• Patients who have allergic reactions or are intolerant to bisphosphonates.


Can bisphosphonates be combined with other therapies?

In general, they can be combined safely with most other therapies.


[1] Montgomery CO, Bracey JW, Suva LJ. Bisphosphonates: the good, the bad, and the unidentified. AAOS Now. 2011 Dec. Free article at: http://www.aaos.org/news/aaosnow/dec11/clinical9.asp

[2] Drake MT, Clarke BL, Khosla S. Bisphosphonates: mechanism of action and role in clinical practice. Mayo Clinic Proceedings. 2008 Sep;83(9), 1032-45). PMID: 18775204

[3] Russell RGG. Bisphosphonates. Annals of the New York Academy of Sciences. 2006 Apr;1068(1), 367-401. PMID: 16831938

[4] Fleisch H, Russell RGG, Straumann F. Effect of pyrophosphate on hydroxyapatite and its implications in calcium homeostasis. Nature. 1966 Nov 26;212(5065):901-3. PMID: 4306793

[5] Lin JH. Bisphosphonates: a review of their pharmacokinetic properties. Bone. 18(2), 75-85. PMID: 8833200

[6] Cremers SC, Pillai G, Papapoulos SE. Pharmacokinetics/pharmacodynamics of bisphosphonates: use for optimisation of intermittent therapy for osteoporosis. Clin Pharmacokinet. 2005;44(6):551-70. PMID: 15932344

[7] Whitaker M, Guo J, Kehoe T, Benson G. Bisphosphonates for osteoporosis—where do we go from here? N Engl J Med. 2012 May 31;366(22), 2048-51. PMID: 22571168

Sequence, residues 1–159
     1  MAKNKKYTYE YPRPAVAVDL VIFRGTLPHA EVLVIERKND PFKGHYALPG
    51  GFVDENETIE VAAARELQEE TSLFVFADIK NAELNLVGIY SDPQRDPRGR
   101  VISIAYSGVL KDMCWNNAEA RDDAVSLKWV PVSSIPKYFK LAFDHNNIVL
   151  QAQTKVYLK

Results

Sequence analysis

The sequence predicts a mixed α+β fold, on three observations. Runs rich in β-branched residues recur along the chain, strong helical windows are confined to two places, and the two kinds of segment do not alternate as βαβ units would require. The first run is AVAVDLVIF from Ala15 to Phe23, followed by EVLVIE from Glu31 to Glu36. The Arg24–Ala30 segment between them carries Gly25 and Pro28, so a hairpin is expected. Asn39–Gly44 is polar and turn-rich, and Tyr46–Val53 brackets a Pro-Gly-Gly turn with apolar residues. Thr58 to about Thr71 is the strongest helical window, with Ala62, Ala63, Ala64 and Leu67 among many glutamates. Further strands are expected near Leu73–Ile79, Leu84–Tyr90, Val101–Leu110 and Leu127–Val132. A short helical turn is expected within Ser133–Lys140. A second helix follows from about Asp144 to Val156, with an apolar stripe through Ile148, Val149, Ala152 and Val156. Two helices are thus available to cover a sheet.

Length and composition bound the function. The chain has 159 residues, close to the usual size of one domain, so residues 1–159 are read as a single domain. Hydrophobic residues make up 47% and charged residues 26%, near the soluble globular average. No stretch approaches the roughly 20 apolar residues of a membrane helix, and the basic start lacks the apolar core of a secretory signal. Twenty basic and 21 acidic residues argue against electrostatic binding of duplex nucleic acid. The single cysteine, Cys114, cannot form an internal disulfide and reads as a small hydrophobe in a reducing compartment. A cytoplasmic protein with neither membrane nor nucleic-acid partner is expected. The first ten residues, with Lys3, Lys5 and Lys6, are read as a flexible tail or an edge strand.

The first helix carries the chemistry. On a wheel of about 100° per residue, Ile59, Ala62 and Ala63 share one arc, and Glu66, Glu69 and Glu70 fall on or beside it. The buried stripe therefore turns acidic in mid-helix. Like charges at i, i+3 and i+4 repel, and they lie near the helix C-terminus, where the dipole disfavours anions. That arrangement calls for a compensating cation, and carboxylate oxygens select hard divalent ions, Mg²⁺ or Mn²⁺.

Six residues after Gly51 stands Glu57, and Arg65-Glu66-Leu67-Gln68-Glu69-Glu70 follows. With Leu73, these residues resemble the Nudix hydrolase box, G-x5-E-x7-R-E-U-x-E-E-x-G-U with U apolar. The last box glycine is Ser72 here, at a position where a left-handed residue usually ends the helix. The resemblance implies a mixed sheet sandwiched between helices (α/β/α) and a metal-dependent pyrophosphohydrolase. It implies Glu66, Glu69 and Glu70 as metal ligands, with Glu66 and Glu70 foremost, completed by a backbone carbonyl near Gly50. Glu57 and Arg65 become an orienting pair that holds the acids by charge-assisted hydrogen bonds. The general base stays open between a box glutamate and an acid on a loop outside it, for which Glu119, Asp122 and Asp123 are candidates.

[8] Wysowski DK. Reports of esophageal cancer with oral bisphosphonate use. N Engl J Med. 2009 Jan 1;360(1), 89-90. PMID: 19118315

[9] Kennel KA, Drake MT. Adverse effects of bisphosphonates: implications for osteoporosis management. Mayo Clinic Proceedings. 2009 Jul;84(7), 632-38. PMID: 19567717

[10] United States Food and Drug Administration. (2011). FDA Drug Safety Communication: Ongoing safety review of oral osteoporosis drugs (bisphosphonates) and potential increased risk of esophageal cancer. Free information provided at: http://www.fda.gov/ForConsumers/ConsumerUpdates/ucm263320.htm

[11] United States Food and Drug Administration . (2011). Bisphosphonates (marketed as Actonel, Actonel+Ca, Aredia, Boniva, Didronel, Fosamax, Fosamax+D, Reclast, Skelid, and Zometa) Information. Free information provided at: http://www.fda.gov/Drugs/DrugSafety/PostmarketDrugSafetyInformationforPatientsandProviders/ucm101551.htm


Last updated May 18th, 2016